Download a guide to Austin


elizabeth_arris_-_round-1Elizabeth Arris is an advanced student within the Master of Acupuncture & Oriental Medicine program. Prior to relocating to Austin to attend AOMA, she earned a BA in Biological Sciences at Smith College. When not in class, Elizabeth serves as Student Ambassador, administering the InterTransform Mentoring Program for new students.

Topics: Austin, moving to Austin

Moving to Austin: Finding Roommates & Alternative Housing

Posted by Justine Meccio on Tue, Apr 22, 2014 @ 10:38 AM

There's no doubt that Austin,Texas is a popular place – recently topping the list of the fastest growing cities in the U.S. With such a dynamic environment, it's no wonder that many students choose to pursue acupuncture school at AOMA.

In our first post in the Moving to Austin series, we covered the basics of the Austin rental market. However for students looking for alternative housing in Austin, many opportunities exist including roommate arrangements, house shares, and cooperative living.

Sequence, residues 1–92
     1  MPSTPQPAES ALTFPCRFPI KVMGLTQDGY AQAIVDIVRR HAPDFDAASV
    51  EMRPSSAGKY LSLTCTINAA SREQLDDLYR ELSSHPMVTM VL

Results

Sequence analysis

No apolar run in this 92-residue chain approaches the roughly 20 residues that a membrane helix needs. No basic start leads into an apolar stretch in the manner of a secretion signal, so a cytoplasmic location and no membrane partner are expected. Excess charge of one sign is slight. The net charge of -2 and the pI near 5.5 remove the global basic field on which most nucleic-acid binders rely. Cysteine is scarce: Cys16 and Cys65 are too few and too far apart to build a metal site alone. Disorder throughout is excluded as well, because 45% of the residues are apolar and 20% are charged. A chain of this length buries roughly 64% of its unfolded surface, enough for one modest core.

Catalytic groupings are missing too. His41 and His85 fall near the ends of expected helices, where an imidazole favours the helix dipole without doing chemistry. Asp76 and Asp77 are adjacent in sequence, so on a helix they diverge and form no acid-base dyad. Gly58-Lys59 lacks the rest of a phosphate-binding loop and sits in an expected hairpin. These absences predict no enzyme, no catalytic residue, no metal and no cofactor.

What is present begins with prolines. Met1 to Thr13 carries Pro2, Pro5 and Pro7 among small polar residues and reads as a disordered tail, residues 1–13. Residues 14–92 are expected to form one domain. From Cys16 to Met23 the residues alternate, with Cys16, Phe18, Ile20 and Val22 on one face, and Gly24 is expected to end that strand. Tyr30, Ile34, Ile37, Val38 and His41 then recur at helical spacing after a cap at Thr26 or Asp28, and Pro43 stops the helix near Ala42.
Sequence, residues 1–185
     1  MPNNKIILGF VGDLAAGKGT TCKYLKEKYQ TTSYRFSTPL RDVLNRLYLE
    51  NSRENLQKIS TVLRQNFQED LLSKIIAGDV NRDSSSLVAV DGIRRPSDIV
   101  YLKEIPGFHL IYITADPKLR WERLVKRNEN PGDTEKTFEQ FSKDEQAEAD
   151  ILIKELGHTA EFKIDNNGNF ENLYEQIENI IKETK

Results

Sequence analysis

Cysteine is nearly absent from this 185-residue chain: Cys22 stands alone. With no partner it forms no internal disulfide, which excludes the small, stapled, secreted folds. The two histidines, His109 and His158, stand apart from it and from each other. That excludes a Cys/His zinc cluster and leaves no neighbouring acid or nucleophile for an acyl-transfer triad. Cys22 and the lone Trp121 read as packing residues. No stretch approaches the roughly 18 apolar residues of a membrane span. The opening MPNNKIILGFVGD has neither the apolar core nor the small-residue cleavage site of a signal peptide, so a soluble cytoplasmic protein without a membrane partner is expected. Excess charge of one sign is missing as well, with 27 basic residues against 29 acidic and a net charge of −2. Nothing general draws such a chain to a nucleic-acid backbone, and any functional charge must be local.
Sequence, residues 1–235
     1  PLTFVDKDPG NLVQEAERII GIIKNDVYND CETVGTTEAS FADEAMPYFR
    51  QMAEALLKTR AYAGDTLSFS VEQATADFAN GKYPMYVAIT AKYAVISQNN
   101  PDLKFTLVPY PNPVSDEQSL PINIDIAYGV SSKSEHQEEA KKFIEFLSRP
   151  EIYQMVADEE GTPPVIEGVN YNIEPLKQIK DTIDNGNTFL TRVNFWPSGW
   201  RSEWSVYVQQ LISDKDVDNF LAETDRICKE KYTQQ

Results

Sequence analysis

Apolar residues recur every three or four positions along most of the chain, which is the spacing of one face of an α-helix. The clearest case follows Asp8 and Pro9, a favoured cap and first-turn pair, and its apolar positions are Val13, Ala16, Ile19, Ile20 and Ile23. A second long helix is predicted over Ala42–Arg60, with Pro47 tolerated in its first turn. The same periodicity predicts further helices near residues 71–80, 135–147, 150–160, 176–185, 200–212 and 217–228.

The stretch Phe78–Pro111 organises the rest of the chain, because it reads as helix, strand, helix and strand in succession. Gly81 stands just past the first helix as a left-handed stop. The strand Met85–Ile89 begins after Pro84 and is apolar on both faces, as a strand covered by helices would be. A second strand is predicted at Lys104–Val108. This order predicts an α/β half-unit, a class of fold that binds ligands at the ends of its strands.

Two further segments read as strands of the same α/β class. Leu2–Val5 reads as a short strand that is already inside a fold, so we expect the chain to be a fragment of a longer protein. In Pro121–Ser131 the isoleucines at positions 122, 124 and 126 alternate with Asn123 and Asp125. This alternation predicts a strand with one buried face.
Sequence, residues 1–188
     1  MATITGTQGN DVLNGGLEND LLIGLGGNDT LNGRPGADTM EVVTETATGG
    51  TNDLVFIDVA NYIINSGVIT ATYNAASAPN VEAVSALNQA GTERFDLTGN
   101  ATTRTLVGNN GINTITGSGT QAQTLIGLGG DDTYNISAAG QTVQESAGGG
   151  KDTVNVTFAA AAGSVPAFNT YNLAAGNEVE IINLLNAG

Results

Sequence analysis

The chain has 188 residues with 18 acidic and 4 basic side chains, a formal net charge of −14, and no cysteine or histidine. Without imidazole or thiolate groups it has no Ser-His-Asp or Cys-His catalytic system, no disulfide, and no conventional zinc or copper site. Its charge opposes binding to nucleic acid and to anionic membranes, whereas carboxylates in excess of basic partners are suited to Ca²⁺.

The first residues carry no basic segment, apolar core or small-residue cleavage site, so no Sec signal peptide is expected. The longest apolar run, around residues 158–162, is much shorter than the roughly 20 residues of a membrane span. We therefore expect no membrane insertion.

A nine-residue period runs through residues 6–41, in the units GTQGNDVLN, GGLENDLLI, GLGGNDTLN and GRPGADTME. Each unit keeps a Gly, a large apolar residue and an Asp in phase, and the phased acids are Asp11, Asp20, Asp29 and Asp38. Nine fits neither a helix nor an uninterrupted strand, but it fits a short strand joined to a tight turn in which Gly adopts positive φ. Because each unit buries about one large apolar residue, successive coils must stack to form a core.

Finding a Roommate

Moving to Austin, Finding Roomates in Austin

For students seeking to limit their housing costs, finding a roommate is one of the best options. New residents have a variety of resources available when seeking roommates, including well-known sites like and These sites provide an opportunity to screen and to connect with potential roommates online.

AOMA offers support in the form of a biweekly Housing Digest that enables new students to connect with future classmates and  potential roommates in a secure platform. Throughout the year, current students also post openings for roommates online via AOMA's Housing Opportunities page and LinkedIn group.

When considering a potential roommate, it's important to be clear about your housing preferences. Taking time to consider lifestyle factors like school and/or work schedules, cleanliness, socializing, pet ownership, and personal habits is essential to ensuring a harmonious living environment. Additional factors to assess include the terms of a lease and/or approval from the landlord or property manager.

Cooperative Living & Co-housing